February 8, 1858, Mr. Strange wedded Dorothy J. Lee, of Howard County, Mo., who died in December, 1860, leaving one child, Charles L. June 8, 1861, Mr. Strange enlisted in a Missouri regiment and served under General Price. He was first under fire at Carthage, Mo., and next at Wilson’s Creek, near Springfield, where General Lyon was killed. On the way to Lexington he was engaged in battle with the forces commanded by Lane; then followed the battle of Lexington and the Arkansas campaign, where fighting was an every-day occurrence. In August, 1862, he took part in the battle of Lone Jack, a fierce conflict, and afterward, on the way South, was overtaken by the Federals at Taboisville. His horse was shot from under him, and he himself was wounded in the left side. In 1863 he participated in the battle of Perry Grove, and at Little Rock, Ark., where a large portion of the Confederate army died from various kinds of sickness, he was in the hospital, and for some time his life trembled in the balance. On his recovery he met Banks in Louisiana, and drove him back to Alexandria. After the engagement with General Steele, at Jenkins’ Ferry, Ark., the winter of 1864-65 was spent at Shreveport, and there they surrendered in June, 1865. He could have been appointed to an office in his company had he so desired, but declined the honor.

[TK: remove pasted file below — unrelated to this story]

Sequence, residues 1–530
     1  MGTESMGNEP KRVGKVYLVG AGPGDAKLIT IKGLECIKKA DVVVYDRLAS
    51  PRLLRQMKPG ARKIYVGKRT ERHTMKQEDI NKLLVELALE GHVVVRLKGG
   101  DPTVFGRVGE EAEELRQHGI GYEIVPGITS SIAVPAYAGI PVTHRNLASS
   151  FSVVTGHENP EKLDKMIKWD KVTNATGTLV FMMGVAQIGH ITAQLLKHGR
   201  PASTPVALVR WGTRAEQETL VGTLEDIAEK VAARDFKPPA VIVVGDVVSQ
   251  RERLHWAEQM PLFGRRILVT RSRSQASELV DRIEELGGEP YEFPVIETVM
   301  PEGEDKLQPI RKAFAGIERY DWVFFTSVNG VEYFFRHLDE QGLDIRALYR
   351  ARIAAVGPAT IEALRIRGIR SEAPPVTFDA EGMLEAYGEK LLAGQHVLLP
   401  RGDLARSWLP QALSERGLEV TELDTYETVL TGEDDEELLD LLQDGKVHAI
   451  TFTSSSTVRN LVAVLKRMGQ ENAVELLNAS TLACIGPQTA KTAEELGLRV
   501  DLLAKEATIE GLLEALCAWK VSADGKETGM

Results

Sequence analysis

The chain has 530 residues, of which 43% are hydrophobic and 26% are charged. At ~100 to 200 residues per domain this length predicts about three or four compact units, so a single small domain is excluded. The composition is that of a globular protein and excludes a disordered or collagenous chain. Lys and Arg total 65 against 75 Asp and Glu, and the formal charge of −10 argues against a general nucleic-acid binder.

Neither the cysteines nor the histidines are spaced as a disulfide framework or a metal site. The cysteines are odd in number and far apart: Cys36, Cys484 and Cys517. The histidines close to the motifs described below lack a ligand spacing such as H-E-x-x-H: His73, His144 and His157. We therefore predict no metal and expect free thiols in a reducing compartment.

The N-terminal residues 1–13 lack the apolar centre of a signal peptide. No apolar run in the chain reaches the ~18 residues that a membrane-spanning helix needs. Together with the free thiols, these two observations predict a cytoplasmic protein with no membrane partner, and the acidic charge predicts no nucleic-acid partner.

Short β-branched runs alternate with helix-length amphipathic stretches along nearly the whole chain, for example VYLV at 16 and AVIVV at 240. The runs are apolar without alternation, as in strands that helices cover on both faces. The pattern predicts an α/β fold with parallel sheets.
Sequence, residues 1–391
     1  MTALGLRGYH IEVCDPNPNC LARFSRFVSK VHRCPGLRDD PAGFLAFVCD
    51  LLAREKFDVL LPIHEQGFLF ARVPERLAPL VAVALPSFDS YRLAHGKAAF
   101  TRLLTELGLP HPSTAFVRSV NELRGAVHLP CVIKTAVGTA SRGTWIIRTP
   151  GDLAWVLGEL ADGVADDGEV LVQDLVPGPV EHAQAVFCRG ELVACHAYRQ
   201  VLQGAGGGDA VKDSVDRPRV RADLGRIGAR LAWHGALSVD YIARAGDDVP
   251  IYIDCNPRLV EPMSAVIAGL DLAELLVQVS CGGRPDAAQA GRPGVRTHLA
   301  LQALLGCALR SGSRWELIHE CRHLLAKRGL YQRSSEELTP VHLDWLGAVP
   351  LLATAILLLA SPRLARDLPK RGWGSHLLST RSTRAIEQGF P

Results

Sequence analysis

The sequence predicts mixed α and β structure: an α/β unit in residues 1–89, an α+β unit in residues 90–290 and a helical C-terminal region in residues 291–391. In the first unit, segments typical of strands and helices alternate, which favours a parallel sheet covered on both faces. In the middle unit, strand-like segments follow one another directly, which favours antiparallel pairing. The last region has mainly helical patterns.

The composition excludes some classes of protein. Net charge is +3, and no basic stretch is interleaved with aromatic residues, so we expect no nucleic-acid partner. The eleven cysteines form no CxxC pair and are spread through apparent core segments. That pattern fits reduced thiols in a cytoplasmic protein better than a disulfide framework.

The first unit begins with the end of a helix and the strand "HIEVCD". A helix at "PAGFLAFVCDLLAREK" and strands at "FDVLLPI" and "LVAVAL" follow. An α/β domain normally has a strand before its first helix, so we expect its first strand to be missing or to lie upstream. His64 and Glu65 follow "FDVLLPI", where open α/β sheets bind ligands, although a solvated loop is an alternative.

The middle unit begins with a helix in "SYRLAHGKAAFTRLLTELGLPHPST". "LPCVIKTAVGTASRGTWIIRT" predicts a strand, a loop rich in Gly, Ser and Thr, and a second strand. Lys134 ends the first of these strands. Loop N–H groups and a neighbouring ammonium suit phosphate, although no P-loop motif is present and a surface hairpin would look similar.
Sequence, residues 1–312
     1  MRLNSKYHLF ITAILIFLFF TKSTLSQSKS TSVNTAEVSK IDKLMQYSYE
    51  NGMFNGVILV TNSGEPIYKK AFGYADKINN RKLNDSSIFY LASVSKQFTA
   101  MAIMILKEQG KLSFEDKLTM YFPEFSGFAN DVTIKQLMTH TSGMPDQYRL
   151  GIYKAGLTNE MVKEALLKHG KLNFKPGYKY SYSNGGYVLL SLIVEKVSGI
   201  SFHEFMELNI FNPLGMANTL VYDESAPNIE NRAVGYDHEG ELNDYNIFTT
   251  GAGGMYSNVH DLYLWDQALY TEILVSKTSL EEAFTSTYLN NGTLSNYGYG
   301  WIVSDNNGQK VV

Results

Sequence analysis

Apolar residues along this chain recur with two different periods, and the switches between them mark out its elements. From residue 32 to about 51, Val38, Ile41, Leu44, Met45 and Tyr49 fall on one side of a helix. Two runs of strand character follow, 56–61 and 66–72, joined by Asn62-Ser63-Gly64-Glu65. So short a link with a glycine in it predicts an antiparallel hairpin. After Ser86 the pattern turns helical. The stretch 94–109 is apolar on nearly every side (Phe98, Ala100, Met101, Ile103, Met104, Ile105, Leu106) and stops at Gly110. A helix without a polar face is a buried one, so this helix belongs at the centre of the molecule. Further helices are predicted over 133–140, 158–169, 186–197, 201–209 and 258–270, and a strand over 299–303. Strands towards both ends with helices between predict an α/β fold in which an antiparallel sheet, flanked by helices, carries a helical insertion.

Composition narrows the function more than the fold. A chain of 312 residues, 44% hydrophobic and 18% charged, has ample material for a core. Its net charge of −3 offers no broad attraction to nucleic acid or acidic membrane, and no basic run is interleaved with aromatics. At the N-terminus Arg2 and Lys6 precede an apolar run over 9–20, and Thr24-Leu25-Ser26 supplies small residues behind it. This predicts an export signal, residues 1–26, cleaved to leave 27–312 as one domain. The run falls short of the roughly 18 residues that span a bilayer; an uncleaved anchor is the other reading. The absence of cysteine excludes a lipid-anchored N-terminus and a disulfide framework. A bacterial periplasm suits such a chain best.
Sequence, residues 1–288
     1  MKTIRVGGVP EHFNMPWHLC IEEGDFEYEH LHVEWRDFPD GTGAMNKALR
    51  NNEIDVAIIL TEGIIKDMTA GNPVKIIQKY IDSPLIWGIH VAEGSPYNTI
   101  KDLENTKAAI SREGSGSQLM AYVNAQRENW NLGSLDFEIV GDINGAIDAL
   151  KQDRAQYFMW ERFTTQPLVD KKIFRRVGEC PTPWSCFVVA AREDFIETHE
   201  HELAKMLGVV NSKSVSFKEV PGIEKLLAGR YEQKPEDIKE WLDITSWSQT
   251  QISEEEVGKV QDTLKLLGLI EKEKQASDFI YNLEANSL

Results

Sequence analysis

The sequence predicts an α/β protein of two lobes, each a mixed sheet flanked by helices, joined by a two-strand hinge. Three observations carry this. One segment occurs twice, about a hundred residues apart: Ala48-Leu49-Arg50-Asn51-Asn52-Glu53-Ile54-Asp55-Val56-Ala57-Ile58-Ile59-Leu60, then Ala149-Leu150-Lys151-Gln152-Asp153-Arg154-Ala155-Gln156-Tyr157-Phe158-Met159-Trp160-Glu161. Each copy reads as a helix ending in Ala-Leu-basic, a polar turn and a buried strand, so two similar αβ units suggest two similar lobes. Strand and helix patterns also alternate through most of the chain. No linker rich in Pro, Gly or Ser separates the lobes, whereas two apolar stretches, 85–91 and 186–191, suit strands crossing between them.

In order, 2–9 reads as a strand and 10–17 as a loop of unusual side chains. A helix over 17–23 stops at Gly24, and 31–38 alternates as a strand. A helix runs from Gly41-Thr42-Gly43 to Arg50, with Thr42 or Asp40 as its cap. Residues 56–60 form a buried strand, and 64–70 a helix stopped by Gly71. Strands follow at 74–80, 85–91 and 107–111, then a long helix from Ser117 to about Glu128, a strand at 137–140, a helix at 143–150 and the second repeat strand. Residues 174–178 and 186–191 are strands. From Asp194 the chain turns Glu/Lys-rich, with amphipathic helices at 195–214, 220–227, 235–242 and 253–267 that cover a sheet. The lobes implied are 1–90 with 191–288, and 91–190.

During Mr. Strange’s absence his land had been sold to the Government for taxes, and he was virtually destitute. Borrowing about $500, he redeemed his farm and also bought a mule, which, by the way, is still in his possession. Needing a horse to get in his crops, he borrowed one from a neighbor, and in this way made his second start in a business career. In 1867 he raised a crop of corn, he and his wife shelling it by hand, and after hauling it to Warrensburg, eighteen miles away, he sold it at fifty cents a bushel.

In June, 1868, he sold his land and bought one hundred and twenty acres of his present homestead. Soon afterward he built a house in a hazel patch, and instituted other improvements. Prosperity attended him, and he is now the owner of eleven hundred acres, nearly all in this county.

November 8, 1866, Mr. Strange married Mrs. Sarah C. Carmichael, of this county, but a native of Kentucky, having come to this state with her parents in 1860. Mr. and Mrs. Strange have had two children. John W., born January 14, 1868, attended Holden College for two years, and is still at home. Tippie D., born March 26, 1870, died January 26, 1894. The parents are members of the Christian Church, and contribute liberally to all good causes. The first vote cast by Jesse C. Strange was for James Buchanan, and he is an ardent Democrat. His mother, who was born March 12, 1812, is still living with him.

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This family biography is one of the numerous biographies included in the Johnson County, Missouri portion of the book,  Portrait and Biographical Record of Johnson and Pettis County Missouri published in 1895 by Chapman Publishing Co.  For the complete description, click here: Johnson County, Missouri History, Genealogy, and Maps

View additional Johnson County, Missouri family biographies here: Johnson County, Missouri Biographies

View a map of 1904 Johnson County, Missouri here: Johnson County, Missouri Map